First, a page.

My colleague Caltha Crowe has been researching bullying prevention for an upcoming book, and as a result, my antennae are out for news on this topic. So, the other day when I heard the White House held a conference on bullying prevention. I checked out the website. I was most struck by this statement by President Obama:
“We’ve got to make sure our young people know that if they’re in trouble, there are caring adults who can help and young adults that can help; that even if they’re having a tough time, they’re going to get through it, and there’s a whole world full of possibility waiting for them. We also have to make sure we’re doing everything we can so that no child is in that position in the first place. And this is a responsibility we all share—a responsibility we have to teach all children the Golden Rule: We should treat others the way we want to be treated.”
The Department of Health and Human Services has also amassed many helpful resources at www.stopbullying.gov. I found one article especially helpful— “Effective Strategies in Combating Bullying” by Catherine P. Bradshaw and Tracy E. Waasdorp. In a concise and readable way, the authors review what current research has shown about the most effective approaches to prevent bullying. In the same powerful way, they share what has not worked and propose what other research is needed.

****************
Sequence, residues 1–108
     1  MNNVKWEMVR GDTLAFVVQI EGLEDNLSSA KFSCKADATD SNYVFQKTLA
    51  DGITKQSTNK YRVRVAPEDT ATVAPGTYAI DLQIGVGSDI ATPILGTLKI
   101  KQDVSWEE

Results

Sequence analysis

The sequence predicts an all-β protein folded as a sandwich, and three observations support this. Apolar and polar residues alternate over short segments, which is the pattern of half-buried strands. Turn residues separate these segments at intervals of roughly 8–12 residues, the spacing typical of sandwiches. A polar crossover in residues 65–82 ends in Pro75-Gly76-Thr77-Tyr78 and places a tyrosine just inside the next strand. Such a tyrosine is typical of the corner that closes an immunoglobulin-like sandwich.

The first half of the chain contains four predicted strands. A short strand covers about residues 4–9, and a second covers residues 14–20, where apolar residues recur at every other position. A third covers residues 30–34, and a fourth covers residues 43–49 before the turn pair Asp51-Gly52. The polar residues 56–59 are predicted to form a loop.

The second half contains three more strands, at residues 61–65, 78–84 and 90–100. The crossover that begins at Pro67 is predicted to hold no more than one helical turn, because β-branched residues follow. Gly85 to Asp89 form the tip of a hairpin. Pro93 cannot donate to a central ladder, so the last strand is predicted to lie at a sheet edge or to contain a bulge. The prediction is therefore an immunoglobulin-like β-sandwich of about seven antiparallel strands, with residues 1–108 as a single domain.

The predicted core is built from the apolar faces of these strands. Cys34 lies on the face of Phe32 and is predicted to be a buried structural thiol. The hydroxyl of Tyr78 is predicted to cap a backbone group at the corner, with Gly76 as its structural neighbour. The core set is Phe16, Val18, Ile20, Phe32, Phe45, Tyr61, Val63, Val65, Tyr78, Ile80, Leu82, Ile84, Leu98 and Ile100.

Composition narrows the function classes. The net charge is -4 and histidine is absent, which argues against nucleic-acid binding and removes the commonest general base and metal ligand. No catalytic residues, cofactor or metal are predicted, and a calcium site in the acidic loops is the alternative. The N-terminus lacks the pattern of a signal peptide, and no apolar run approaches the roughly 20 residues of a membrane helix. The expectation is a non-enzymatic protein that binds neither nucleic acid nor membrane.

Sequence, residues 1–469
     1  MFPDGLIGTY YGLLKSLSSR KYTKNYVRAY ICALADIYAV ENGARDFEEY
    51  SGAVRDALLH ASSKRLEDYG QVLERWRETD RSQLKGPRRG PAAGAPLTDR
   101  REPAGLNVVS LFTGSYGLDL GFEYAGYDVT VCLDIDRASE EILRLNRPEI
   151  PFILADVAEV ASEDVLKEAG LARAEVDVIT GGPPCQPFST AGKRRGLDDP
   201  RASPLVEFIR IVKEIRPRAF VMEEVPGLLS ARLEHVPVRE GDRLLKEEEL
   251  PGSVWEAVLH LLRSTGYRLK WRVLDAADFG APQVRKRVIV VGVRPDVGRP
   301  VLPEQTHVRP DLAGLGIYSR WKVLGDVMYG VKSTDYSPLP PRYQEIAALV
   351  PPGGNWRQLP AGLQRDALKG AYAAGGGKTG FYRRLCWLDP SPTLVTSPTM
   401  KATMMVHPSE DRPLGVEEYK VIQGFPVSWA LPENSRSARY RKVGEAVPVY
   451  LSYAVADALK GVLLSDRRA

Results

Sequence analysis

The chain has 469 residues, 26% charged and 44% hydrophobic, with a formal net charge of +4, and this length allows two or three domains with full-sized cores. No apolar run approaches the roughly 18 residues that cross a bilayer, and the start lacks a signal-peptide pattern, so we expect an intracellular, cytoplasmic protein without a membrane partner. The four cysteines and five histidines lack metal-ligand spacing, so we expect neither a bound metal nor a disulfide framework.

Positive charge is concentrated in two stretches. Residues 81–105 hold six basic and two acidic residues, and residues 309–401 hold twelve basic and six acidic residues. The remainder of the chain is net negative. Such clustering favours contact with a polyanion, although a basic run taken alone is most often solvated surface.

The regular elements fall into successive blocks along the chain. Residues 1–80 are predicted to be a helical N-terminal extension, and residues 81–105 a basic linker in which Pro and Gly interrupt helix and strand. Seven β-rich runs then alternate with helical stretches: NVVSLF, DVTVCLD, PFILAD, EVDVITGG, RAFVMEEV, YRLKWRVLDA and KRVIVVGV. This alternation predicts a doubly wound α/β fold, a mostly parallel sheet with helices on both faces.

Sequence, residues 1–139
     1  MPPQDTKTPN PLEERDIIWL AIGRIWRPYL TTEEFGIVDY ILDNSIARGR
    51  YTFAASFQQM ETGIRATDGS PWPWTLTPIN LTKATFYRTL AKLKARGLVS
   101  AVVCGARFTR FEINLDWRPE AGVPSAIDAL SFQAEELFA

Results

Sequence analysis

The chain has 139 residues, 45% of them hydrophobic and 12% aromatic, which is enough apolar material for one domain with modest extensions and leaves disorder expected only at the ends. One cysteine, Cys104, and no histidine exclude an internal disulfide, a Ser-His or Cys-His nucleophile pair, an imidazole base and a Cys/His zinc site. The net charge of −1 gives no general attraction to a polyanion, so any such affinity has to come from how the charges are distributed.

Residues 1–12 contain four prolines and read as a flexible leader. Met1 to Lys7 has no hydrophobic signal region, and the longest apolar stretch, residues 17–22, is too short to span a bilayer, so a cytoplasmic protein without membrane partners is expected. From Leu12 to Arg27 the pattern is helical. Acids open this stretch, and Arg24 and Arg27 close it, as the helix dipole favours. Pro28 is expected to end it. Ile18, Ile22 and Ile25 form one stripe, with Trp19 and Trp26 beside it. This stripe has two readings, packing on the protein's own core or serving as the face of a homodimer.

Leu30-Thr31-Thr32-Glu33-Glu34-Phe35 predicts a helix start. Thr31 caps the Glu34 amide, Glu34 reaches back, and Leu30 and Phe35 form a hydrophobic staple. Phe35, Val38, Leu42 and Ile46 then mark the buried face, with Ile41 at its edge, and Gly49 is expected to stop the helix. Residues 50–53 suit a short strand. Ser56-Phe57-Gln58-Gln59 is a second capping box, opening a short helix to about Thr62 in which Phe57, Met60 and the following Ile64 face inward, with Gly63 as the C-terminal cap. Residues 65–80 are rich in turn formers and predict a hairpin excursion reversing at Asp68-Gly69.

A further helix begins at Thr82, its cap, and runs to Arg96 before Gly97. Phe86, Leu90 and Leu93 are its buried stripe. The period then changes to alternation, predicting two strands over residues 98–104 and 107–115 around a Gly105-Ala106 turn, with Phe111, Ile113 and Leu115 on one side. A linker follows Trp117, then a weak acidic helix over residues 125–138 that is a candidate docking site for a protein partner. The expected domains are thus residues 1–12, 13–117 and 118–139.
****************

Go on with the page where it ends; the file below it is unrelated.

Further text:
The importance of one of the strategies Bradshaw and Waasdorp mention—addressing the issue head-on in classrooms—was brought home to me during a brief encounter with a first grader this week. I was trying out a lesson on the importance of including others and the pain exclusion causes. During my lesson, I read a children’s picture book where some children deliberately excluded a classmate.
When I asked the students if any of them had ever seen someone be left out the way the character in the story was, one first grader piped up and said, “Yes, I’ve seen someone—me—all the time.”
He put his head down, and then his classmates visibly responded. Their bodies moved slightly toward him, some emitted quiet “oh’s,” and all looked a little forlorn. In just a few moments I saw them move a little closer to understanding and empathy. The child’s words and his classmates’ response made me realize the importance of talking and thinking about these issues in a deep way, beginning even in the younger grades.
So, I’ll keep looking for resources on this topic, and I hope you will share resources you’ve found helpful in your work with children as well.
P.S. Do check out the www.stopbullying.gov website, especially its section for educators. You’ll find a great deal of information there, including ideas on how to prevent and respond to incidents of bullying.
Margaret Berry Wilson is the author of several books, including: The Language of Learning, Doing Science in Morning Meeting (co-authored with Lara Webb), Interactive Modeling, and Teasing, Tattling, Defiance & More.Tags: Bullying